After the announcement Whole Foods said it welcomed a “constructive dialogue” with Jana. However, its willingness to engage will rest largely with chief executive and co-founder John Mackey.

While Whole Foods abandoned its dual-CEO structure in 2016 after six years, it still has a reputation for resisting shareholder demands such as “proxy access” reforms in 2015, to give investors the right to nominate directors. It gave in after a shareholder revolt.

Analysts note, however, that some of the demands made by Jana — which wants to remedy “suboptimal” procurement and distribution, and to revamp Whole Foods’ stores and website — overlap with steps that the retailer is starting to undertake.

Brooke Buchanan, a Whole Foods spokeswoman, said: “We are confident in the actions we are taking to position the company for continued success, and we remain open to ideas to create further value for our shareholders and all our stakeholders.”

In February, for example, Whole Foods partnered with Dunnhumby, a consumer data company, to understand its customers better and improve its pricing strategy and products. It has lagged behind competitors in introducing a loyalty programme, which it is still testing.

Whole Foods this year abandoned its aggressive 2013 target to reach 1,200 stores; it has a current store portfolio of about 460 and is closing nine stores.

Zain Akbari, an analyst at Morningstar, says Jana’s focus on operations should help Whole Foods compete better. But he says the grocer’s relatively high margins for the supermarket industry limit “opportunities for significant incremental improvement”.

Whole Foods’ margin on earnings before interest, tax and depreciation stands at 5.2 per cent compared with Kroger’s 3 per cent, Walmart’s 4.7 per cent and Sprouts’ 5.3 per cent. And Whole Foods’ margins have been shrinking as prices have been cut.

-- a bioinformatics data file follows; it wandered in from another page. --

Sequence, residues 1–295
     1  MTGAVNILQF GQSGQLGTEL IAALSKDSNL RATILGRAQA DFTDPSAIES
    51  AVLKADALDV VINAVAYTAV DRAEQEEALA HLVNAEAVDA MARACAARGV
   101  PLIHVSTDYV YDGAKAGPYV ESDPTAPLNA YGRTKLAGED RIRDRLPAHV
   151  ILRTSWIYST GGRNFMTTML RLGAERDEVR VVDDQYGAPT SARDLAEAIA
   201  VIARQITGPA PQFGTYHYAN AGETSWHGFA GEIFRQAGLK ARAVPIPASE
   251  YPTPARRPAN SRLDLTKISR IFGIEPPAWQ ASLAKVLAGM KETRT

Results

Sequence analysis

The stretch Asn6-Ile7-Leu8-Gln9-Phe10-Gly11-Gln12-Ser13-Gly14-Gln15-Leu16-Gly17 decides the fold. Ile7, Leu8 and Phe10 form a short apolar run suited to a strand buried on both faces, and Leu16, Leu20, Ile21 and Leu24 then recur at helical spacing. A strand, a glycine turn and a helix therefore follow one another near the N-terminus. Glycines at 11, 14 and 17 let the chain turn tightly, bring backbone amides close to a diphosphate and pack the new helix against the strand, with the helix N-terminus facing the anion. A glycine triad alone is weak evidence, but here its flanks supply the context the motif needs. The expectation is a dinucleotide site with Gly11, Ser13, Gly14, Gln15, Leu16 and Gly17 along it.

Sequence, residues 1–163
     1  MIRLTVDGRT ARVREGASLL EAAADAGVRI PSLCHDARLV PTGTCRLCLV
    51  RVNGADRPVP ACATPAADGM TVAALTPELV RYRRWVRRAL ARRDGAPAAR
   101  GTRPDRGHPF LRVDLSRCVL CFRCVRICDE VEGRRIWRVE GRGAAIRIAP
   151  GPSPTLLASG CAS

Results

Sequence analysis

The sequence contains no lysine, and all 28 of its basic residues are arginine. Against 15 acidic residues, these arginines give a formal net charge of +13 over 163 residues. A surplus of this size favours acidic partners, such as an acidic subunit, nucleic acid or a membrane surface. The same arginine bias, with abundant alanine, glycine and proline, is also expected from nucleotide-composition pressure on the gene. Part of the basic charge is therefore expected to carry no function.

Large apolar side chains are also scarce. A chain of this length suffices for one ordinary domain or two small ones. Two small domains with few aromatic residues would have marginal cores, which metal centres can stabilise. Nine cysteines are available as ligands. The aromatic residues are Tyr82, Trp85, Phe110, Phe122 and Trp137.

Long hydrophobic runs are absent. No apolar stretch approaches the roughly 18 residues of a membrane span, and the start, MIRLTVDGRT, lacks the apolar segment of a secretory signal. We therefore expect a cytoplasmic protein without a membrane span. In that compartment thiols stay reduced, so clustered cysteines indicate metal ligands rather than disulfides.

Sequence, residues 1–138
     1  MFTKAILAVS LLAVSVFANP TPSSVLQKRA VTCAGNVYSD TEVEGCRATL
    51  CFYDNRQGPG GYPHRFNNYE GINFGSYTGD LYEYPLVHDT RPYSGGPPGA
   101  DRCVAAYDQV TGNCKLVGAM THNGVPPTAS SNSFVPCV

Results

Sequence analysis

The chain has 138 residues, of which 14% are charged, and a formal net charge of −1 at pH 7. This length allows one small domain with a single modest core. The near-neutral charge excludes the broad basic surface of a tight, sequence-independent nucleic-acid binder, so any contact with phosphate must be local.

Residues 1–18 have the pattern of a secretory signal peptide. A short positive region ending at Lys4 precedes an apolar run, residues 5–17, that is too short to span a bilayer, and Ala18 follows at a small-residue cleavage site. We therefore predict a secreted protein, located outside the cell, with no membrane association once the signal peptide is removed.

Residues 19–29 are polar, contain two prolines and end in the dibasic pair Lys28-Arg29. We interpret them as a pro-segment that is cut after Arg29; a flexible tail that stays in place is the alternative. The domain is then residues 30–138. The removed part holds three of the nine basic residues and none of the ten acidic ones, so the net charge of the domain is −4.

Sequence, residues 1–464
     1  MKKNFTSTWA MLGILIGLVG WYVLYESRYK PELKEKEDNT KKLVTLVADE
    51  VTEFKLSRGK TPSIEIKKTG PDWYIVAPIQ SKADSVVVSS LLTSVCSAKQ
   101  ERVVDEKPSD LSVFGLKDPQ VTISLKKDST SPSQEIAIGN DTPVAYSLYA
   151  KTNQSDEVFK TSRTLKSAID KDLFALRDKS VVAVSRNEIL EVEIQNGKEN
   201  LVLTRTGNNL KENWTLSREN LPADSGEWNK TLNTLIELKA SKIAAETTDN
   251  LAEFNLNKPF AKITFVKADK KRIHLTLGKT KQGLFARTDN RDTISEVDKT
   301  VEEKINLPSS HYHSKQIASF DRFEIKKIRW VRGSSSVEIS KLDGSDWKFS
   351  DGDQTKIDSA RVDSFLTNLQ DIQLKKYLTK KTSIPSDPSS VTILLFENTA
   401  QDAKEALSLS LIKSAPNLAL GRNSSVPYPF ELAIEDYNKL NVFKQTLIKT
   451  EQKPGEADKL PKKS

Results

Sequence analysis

However, Burt Flickinger, managing director of SRG, a retail industry consultancy which provided due diligence to Jana, is optimistic about Whole Foods’ growth potential. Mr Flickinger, who was not speaking on Jana’s behalf, argues that the retailer’s problems are mid- rather than long-term ones.

Whole Foods’ sales per square feet last year stood at $970, and while that has been falling, it remains far higher than Kroger’s $500 and as low as $200 for some grocers, he says. 

Mr Flickinger says the grocer’s potential is threefold. It has a big opportunity in converting shoppers from using the supermarket as a secondary grocery shopping destination to a primary one; its store expansion possibilities are extensive; and its retention of experienced staff from butchers to cheesemongers will win customers in the long run.

He does not rule out a sale of Whole Foods, suggesting strategic buyers could include not only Albertsons but international groups such as Metro of Germany or Wesfarmers of Australia.

Morningstar’s Mr Akbari argues that a sale may be the “best investor outcome”, estimating it could fetch a price ranging from the mid-$30s to mid-$40s a share based on recent multiples grocers have fetched. Its shares closed 0.6 per cent higher at $35.71 on Friday.

Regardless, say analysts, Whole Foods’ management needs to transition the company from its high-growth phase to one that is more stable. “Almost no retailer does that [well],” Barclays’ Ms Short says. “They end up in a transitory phase and flounder.”

Additional reporting by Jennifer Bissell and James Fontanella-Khan in New York